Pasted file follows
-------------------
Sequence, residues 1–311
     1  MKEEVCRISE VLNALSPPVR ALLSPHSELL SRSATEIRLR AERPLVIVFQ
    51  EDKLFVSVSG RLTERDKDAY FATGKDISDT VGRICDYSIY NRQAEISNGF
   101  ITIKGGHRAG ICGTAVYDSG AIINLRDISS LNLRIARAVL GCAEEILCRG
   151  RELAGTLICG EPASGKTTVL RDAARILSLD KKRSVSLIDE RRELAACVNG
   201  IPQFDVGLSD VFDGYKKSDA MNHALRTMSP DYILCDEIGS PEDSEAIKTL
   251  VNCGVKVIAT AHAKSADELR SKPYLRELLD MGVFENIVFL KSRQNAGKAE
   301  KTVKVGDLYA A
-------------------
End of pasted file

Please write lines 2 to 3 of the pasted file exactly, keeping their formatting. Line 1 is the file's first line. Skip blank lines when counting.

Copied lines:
     1  MKEEVCRISE VLNALSPPVR ALLSPHSELL SRSATEIRLR AERPLVIVFQ
    51  EDKLFVSVSG RLTERDKDAY FATGKDISDT VGRICDYSIY NRQAEISNGF